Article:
12. I am all for legalization, BUT…you must remember that numbers are just that, and it is still against Federal law, so Officers are obligated to do their job. Secondly, arrests for pot often come from other activities (Getting to the point about numbers just being numbers). Most of the time people are arrested for pot it is because they were doing other activities/behaviors that led to the police being called/people pulled over, and searched in the first place. One of the biggest obstacles to peoples perceptions of pot and it’s use comes from that very point. Here in California (I am a medical marijauna cardholder) I witness people who have just come out of dispensaries, acting like idiots all the time. I would just like to see some articles now and then that instead of going after the law, would come out and tell people that use marijuana to be responsible and not act like idiots. It hurts efforts to legalize everyday. People who commit other crimes (unrelated to marijuana) are often lumped into these statistics because they had marijuana on them the time they committed them and that is a shame. So please people, help to legalize, but to do so we are selfs must act like responsible adults as well.

  13. Cant hide the truth.
    I had 2 skateboards stolen and 2 bicycles stolen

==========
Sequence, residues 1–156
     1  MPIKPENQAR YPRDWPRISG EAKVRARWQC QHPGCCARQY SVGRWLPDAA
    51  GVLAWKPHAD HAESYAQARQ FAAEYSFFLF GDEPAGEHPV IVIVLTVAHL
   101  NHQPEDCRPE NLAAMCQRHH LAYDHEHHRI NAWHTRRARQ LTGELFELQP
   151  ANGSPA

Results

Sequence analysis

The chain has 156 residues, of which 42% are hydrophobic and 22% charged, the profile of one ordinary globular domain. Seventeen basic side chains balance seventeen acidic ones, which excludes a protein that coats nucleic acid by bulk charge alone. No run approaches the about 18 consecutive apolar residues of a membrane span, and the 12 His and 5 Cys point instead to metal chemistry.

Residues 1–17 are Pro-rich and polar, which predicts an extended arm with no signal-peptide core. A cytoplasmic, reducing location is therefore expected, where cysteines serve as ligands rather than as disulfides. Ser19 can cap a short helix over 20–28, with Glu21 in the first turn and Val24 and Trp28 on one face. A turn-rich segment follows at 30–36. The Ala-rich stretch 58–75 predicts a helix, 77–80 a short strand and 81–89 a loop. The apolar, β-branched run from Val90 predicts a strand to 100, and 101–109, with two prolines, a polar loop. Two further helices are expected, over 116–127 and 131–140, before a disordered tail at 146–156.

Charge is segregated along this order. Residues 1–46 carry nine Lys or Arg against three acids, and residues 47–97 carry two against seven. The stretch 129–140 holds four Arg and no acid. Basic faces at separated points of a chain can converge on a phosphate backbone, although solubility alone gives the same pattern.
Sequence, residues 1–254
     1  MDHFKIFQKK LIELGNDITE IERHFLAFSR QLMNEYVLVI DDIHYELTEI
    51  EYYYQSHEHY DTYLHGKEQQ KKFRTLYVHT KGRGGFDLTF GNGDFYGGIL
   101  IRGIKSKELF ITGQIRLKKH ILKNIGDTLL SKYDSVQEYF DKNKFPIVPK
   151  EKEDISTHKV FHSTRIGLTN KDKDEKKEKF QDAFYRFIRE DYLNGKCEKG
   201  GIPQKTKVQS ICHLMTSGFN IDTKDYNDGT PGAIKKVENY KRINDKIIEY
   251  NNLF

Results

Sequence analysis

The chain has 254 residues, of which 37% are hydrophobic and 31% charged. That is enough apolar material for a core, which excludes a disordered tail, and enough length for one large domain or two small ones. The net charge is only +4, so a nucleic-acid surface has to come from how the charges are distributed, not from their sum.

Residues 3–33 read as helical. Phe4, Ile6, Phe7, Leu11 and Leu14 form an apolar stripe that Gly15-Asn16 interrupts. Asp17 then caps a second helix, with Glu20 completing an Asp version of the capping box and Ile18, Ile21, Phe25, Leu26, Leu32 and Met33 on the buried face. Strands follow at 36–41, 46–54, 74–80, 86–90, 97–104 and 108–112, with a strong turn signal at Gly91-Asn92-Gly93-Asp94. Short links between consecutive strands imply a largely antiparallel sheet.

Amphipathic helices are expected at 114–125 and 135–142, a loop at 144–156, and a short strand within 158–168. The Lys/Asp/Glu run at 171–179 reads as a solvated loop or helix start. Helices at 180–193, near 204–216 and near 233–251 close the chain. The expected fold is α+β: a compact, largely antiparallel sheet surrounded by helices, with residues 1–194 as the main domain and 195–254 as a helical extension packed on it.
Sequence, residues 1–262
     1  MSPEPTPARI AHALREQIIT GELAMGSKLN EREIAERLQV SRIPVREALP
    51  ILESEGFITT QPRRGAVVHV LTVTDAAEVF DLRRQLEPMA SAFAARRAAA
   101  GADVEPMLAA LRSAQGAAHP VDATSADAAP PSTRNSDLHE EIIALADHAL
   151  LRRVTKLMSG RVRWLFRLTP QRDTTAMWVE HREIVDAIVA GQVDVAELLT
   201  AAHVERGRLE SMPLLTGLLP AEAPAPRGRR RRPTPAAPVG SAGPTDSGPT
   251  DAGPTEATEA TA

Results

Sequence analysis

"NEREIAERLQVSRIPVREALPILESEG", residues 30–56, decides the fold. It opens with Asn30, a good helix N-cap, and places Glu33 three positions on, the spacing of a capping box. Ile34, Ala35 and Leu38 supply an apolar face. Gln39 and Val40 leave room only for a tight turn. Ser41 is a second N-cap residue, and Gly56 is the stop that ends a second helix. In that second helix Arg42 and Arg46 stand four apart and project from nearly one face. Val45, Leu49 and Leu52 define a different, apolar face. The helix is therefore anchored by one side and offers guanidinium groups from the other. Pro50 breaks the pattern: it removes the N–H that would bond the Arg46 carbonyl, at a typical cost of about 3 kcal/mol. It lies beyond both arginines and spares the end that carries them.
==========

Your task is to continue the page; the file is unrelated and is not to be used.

I thought police were too busy writing tickets for jaywAlking
    Seems they were actually filling out petty arrest forms.
    Priorities? Violent crimes don’t get solved when fodder is available
    Everytime LEO arrest someone for drugs a real criminal is getting away with murder.
    They had a nice little racket going and they will protect those assets

  14. Art author The Marijuana Diet on

    When I grew up I was taught that America is a free country, the leader for the world. But year after year we are falling behind other countries who are freer then we are. These arrests show how ignorant our leaders are, they should be ashamed of themselves and voted out of office and forced to get a real job.

  15. I find it odd that, under Violent Crime, forcible rape and aggravated assault are separate categories.

  16. I wonder what the total cost of that is? Police, attorney, courts, lost wages, insurance costs, lost jobs etc?

    $10,000 per person?

  17. I thought Kevin Sabet said no one gets arrested for marijuana??? His book claims thats a myth!